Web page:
Goats, Bees, Butterflies, Oh My: How Needham Golf Club is improving game sustainability

NEEDHAM, Massachusetts – When you step onto a golf course, the last thing you might expect to see is a herd of goats – but the animals are a key part of Needham Golf Club’s efforts to improve its sustainability through the Audubon Cooperative Sanctuary Program.

Online: NEEDHAM GOLF CLUB | Audubon at Golf Mass | Audubon software information

Needham first joined Audubon International in the early 2000s and began developing an accreditation plan in 2009, supervisor Tim Hood said. Certification requires achievement in six categories, which mainly include reducing the amount of grass managed on the course, improving water quality, making it more suitable for wildlife, and effectively communicating these changes to golfers.

“While we have to consider all the different aspects of the environment and our specific microclimate here, we are focusing on the wildlife and habitats that are on the property,” Hood said. “We are also thinking about the conservation and quality of the water that runs through the property. We are also thinking about how we can preserve the course while still offering members a high quality golf course and being more sustainable.”

The certification process was a long but rewarding one for the club. He began by assessing the property, including evaluating the types of trees and types of lawn that were on the course. Hood’s team identified areas where maintenance could be reduced and disturbed-free wildlife habitats increased, reducing the amount of human impact on the trail’s ecosystem. Conserving water and reducing the use of chemicals were also key factors in the plan.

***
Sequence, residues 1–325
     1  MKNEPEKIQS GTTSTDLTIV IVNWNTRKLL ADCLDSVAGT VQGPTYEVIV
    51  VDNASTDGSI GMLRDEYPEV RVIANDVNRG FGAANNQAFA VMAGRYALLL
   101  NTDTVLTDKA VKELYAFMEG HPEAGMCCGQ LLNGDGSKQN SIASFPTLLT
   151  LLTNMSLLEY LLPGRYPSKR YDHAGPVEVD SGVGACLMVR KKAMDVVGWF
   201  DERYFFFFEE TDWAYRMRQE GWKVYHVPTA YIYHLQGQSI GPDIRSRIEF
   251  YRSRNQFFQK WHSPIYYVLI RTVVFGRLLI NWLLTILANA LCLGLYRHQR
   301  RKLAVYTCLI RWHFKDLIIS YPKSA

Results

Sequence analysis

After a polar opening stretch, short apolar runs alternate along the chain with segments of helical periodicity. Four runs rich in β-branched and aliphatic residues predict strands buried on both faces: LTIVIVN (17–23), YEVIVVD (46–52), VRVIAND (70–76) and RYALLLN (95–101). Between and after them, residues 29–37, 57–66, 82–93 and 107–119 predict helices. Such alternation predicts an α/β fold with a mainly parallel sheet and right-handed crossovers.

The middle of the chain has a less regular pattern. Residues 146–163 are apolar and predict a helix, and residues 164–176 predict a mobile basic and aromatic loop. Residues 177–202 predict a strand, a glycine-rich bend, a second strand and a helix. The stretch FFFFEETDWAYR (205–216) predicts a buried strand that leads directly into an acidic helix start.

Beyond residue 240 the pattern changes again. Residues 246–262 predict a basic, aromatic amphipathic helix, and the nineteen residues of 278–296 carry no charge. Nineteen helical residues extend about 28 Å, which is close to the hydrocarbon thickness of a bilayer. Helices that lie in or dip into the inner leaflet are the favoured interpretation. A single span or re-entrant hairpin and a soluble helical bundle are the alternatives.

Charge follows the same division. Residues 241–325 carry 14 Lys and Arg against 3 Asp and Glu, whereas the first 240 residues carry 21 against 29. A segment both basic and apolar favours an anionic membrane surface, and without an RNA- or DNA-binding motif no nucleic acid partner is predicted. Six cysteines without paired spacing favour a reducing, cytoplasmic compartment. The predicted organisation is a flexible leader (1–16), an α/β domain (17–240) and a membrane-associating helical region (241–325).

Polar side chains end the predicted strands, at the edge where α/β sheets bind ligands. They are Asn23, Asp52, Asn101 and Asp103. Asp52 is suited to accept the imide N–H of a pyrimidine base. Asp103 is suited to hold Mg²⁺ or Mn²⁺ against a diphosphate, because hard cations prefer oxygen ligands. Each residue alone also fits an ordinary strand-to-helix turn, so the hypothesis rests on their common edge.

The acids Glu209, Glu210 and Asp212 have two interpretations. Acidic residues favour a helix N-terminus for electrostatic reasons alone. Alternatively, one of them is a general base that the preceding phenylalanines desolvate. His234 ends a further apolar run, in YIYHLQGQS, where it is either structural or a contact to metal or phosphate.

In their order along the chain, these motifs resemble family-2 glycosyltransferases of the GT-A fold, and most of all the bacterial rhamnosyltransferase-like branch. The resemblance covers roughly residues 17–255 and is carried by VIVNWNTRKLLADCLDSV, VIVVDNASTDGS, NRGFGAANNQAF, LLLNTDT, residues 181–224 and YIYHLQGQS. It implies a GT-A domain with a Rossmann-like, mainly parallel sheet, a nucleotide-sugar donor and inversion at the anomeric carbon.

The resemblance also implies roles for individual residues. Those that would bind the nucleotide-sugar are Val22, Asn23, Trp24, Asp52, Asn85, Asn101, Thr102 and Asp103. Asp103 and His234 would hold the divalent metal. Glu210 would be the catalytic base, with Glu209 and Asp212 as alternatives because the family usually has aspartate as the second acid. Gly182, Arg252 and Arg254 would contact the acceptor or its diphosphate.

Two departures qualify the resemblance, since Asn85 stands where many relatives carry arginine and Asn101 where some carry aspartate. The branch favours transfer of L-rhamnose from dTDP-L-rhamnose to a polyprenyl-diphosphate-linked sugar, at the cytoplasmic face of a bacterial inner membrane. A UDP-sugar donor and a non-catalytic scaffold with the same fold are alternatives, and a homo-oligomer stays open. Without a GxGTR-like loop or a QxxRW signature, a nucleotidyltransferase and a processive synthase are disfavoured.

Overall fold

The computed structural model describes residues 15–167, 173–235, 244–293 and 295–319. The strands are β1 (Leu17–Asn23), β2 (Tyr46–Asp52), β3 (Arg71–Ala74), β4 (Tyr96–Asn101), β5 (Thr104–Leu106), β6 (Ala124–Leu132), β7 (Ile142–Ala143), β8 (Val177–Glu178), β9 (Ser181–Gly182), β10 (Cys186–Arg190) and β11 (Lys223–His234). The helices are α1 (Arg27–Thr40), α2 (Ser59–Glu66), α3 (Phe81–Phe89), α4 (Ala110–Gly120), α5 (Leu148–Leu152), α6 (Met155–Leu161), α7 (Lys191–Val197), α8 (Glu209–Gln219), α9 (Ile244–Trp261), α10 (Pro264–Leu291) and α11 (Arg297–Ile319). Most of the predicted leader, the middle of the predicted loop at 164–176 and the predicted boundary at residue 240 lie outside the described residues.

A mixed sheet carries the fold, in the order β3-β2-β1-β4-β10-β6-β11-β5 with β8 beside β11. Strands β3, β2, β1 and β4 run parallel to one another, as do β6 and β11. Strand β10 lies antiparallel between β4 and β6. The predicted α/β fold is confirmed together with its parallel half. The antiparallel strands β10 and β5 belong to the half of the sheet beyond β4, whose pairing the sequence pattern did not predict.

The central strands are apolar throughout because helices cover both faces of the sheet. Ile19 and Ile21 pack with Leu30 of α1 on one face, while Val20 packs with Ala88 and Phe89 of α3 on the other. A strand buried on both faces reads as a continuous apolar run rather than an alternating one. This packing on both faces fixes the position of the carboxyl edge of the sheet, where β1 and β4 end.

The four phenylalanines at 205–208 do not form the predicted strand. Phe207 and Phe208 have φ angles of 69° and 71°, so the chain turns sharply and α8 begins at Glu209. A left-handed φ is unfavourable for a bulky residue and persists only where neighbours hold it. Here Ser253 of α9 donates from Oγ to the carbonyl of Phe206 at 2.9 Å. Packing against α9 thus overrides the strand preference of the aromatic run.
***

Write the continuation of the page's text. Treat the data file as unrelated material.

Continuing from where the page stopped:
“We made that plan and then worked on every category at once,” Hood said. “We are a small club with a small staff, so it was a long process for us to do all this work together. But we achieved it after a few years.”

Needham finally earned her degree in 2016. Since then, the club has been successful in rehab, which is required every three years, in 2019 and early this year. Hood said the reaccreditation process motivates him and his team to continue evaluating their practices and ways to increase the number of original regions on the course.

“Well, you’re always trying to get better,” he said. “So when we had a certain amount of natural zones we tried to see, without affecting the play too much, how we could increase that space, and we’ve done quite a bit over the last couple of years and we can just find the areas where it’s simple to play and it’s not going to make much of a difference In terms of how it affects golf.”

Hood also credits club membership for supporting its efforts to become more sustainable, an essential part of any course’s ability to successfully implement ACSP requirements.

“They understand that the practices we implement are for the benefit of the environment and the properties we occupy,” he said. “So we’ve had a lot of support from the members, and they know what we’re trying to achieve.”

get their goats

Speaking of wildlife, Needham has built a reputation for the three goats he keeps on various parts of the golf course to help with course maintenance – including one nicknamed “Brady” after former Patriots quarterback Tom Brady.

“Goats just to keep the bottom of the area,” Hood said. “One of the reasons golf is because it helps with air movement. Grass loves air movement, it doesn’t like stagnation, so we try to keep air movement circulating around the grass. So instead of chopping and mowing with different machines and products, we have goats going there.”